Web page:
Composition A contains enzymes and also sodium citrate dihydrate which promotes disintegration when the composition is added to water (as disclosed in EP-A-711827); composition B contains a fabric softening clay and bleach, but does not contain sodium citrate dihydrate.
For each composition, the materials listed as “granulated components” are mixed in a Fukae (Trade Mark) FS-100 high speed mixer-granulator. The soap is prepared in situ by neutralisation of fatty acid. The mixture is granulated and densified to give a powder of bulk density greater than 750 g/liter and a mean particle size of approximately 650 μm. The powder is sieved to remove fine particles smaller than 180 μm and large particles exceeding 1700 μm. The remaining solids are then mixed with the powder in a rotary mixer, after which the PEG is sprayed on at about 80° C. with the powder at 35 to 40° C.
One layer of the tablet, indicated as 22 in FIG. 1, is prepared by compacting a 30 gram portion of the powder of detergent composition A using a compaction pressure of 35 N.cm−2, thus producing a first cylindrical layer of the detergent and fabric softening tablet as illustrated by FIG. 1. After this first layer 22 has been prepared, the thinner second layer 20 is formed from 10 grams of powder of composition B compacted against one surface of the first layer 22.
When the tablets are added to water the first layer of composition A disintegrates first, because of the presence of sodium citrate dihydrate. Consequently, the enzymes are released into the wash liquor ahead of the bleach and fabric softening clay.
FIG. 3 shows a variation in which 18 gm of powder A is used to make a layer 24, 10 gm of powder B is compacted against one surface of layer 24, to form an internal layer 26 and then 12 gm of powder A is compacted against layer 26 to form a layer 28. Thus the second zone of the tablet is then the internal layer 26 sandwiched between layers 24 and 28 which happen to be unequal in size.
Tablets are prepared, having two layers of similar size but different compositions, as set out in the following table:
As can be seen from the table, the compositions have different post-dosed components: composition C contains enzymes and also sodium citrate dihydrate which promotes disintegration when the composition is added to water, whereas composition D contains tertiary amine as a fabric softener and also bleach, but does not contain citrate dihydrate.
The two compositions are used to make tablets with two layers, analogous to the two layer tablets of Example 1 (FIGS. 1 and 2) except that equal quantities of the compositions are used.
When the tablets are added to water, the layer of composition C disintegrates first, because of the presence of sodium citrate dihydrate. Consequently the enzymes are released into the wash liquor ahead of the bleach and the fabric softener.
FIG. 4 shows another arrangement. In this tablet a relatively thick bottom layer 32 and a thinner top layer 30 are prepared from the same detergent powder, which is the same as composition D used in Example 2, except that it contains 35% zeolite and no tertiary amine.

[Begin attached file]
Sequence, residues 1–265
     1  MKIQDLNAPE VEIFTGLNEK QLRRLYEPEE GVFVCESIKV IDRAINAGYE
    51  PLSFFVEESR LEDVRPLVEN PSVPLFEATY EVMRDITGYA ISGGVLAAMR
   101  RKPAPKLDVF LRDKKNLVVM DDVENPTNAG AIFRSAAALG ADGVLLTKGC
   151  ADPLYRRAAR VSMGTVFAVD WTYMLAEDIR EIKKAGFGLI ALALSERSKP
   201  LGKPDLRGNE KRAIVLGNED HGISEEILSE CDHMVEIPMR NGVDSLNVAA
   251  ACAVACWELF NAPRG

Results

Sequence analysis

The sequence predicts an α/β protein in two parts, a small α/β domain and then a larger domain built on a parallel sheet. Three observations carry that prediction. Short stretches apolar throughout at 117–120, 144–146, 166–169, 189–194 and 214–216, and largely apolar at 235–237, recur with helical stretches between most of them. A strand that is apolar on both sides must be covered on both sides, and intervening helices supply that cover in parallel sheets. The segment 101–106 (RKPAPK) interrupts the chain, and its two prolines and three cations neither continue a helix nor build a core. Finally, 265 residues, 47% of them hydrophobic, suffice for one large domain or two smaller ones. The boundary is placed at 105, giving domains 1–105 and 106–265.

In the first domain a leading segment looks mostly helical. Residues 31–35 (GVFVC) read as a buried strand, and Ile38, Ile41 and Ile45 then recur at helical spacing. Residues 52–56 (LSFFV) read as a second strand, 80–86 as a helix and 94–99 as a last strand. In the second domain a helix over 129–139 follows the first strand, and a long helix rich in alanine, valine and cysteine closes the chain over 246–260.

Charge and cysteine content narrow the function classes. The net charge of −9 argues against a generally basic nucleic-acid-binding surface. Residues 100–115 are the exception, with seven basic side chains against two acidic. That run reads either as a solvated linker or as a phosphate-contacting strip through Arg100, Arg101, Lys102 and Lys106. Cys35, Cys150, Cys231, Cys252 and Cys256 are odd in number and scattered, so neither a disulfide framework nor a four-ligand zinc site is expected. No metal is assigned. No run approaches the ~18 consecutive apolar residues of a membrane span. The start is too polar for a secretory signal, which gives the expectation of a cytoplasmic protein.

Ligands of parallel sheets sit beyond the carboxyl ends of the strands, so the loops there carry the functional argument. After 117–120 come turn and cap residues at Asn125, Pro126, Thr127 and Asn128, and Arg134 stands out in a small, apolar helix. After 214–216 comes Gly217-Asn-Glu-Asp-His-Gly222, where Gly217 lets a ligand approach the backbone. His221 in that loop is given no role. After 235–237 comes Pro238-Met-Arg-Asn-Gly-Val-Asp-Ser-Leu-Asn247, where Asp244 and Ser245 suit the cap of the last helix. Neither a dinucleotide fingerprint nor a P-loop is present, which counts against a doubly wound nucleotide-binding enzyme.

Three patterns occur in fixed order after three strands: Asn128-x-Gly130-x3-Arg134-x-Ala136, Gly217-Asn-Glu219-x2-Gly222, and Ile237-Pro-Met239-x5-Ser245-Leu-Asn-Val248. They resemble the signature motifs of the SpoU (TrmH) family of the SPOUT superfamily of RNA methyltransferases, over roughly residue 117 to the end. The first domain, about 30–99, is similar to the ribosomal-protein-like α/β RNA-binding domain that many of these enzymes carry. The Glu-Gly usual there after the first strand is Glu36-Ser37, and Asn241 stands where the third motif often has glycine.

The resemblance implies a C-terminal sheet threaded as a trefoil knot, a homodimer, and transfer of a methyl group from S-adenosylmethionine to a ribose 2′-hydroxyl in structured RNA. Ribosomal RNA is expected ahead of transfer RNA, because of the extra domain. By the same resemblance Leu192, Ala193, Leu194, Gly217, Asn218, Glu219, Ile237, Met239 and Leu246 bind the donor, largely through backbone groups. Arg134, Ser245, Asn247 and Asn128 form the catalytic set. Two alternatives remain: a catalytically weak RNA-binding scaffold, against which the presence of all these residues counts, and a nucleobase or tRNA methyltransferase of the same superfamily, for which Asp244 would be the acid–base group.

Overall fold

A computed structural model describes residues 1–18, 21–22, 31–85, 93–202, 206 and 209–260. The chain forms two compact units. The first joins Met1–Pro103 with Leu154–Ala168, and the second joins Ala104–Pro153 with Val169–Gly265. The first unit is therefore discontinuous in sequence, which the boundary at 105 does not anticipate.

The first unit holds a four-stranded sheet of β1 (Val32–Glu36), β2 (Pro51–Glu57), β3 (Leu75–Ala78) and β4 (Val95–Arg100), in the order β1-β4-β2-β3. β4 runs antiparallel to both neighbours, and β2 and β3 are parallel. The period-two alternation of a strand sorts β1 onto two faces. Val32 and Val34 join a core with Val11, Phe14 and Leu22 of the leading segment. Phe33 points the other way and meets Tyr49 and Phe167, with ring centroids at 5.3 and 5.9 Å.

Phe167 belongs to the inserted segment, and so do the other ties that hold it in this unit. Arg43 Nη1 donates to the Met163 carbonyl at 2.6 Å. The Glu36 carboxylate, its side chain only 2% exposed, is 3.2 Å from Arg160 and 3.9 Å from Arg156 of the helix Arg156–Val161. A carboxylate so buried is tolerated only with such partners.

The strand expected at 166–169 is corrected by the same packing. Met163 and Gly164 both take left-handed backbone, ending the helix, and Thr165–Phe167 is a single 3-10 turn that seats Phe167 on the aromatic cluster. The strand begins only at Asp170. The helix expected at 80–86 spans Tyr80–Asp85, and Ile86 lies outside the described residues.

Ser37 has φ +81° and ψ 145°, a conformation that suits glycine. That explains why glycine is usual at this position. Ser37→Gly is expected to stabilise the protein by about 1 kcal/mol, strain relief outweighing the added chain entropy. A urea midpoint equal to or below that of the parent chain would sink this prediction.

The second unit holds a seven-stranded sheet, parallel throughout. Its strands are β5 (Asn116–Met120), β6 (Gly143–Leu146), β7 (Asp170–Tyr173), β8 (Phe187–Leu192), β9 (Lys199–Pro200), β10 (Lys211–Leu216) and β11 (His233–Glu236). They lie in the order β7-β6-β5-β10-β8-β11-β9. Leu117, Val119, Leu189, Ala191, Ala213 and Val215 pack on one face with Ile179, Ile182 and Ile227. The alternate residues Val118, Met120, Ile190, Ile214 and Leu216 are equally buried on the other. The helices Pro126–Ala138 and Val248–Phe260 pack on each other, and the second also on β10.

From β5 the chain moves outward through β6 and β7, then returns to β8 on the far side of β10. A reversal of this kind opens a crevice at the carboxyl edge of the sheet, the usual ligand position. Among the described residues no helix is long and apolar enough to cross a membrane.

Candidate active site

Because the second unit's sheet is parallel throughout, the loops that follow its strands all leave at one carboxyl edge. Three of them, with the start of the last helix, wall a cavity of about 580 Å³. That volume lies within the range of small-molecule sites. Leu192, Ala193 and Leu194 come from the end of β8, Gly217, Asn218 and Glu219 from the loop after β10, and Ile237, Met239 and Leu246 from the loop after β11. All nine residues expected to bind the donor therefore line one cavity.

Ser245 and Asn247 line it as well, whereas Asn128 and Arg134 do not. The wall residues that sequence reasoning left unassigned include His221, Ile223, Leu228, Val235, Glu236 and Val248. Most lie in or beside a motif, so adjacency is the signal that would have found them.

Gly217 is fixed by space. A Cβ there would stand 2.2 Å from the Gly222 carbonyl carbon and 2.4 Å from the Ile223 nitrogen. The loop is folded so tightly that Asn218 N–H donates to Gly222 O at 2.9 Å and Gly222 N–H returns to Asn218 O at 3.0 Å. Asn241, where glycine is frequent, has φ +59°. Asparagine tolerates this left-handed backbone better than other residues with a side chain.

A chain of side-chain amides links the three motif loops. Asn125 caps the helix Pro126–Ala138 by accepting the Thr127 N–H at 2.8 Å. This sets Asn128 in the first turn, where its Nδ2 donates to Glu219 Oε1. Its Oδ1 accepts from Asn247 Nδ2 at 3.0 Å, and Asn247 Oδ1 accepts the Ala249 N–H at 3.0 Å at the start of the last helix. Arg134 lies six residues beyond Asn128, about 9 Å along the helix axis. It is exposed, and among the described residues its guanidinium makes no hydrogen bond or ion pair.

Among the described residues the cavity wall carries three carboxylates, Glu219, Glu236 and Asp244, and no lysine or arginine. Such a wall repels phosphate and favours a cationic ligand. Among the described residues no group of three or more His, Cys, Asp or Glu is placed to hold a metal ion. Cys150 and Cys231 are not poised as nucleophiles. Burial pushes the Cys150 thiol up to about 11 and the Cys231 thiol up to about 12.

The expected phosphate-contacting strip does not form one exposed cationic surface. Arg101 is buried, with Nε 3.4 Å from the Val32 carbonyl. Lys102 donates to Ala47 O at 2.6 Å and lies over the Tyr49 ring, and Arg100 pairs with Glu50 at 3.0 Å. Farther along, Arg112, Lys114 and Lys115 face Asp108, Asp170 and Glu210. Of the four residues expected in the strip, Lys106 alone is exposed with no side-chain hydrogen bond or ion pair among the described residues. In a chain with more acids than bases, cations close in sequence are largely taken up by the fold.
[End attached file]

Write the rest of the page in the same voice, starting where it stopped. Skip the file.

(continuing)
One layer of the tablet, indicated as 32 in FIG. 4, is prepared by compacting 25 gram portions of the detergent powder.
After this bottom layer has been prepared by compacting a portion of the detergent composition, a quantity of tallowyl dimethyl amine as used in Example 2 is dosed directly onto the middle of its surface 34. This liquid fabric softening agent is absorbed and spreads out but remains within a zone 36 shown shaded in FIG. 4. Subsequently the thinner top layer 30 is formed from another 15 grams of the same detergent powder compacted over the surface 34 which becomes the interface between the two layers 30, 32. The zone 36 is now within the interior of the two layer tablet as shown by FIG. 4. When the tablets are used, they disintegrate progressively and the fabric softening agent is not released until the outer parts of the tablet have broken away from the interior zone 36.
FIG. 5 shows a further possibility. Composition B of Example 1 is compacted into pellets 40 which are then mixed with the powder of composition A, in a weight ratio of 3 parts A to 1 part pellets. The resulting mixture is then compacted into tablets in which the pellets 40 constitute a plurality of second zones isolated within a continuous first zone 42.
Tablets are prepared, having two layers of similar size but different compositions, as set out in the following table:
As can be seen from the table, the compositions are similar to those of Example 2 but composition E contains amino alkyl polysiloxane as well as enzymes and sodium citrate dihydrate which promotes disintegration when the composition is added to water. Composition F contains bleach but does not contain citrate dihydrate. The amino alkyl polysiloxane is Rhodocil (Trade Mark) from Rhone-Poulenc as exemplified in FR-A-2713237.
The two compositions are used to make tablets similar to the two layer tablets of Example 1 (FIGS. 1 and 2) except that equal quantities of the compositions are used.
When the tablets are added to water the layer of composition E disintegrates first, because of the presence of sodium citrate dihydrate.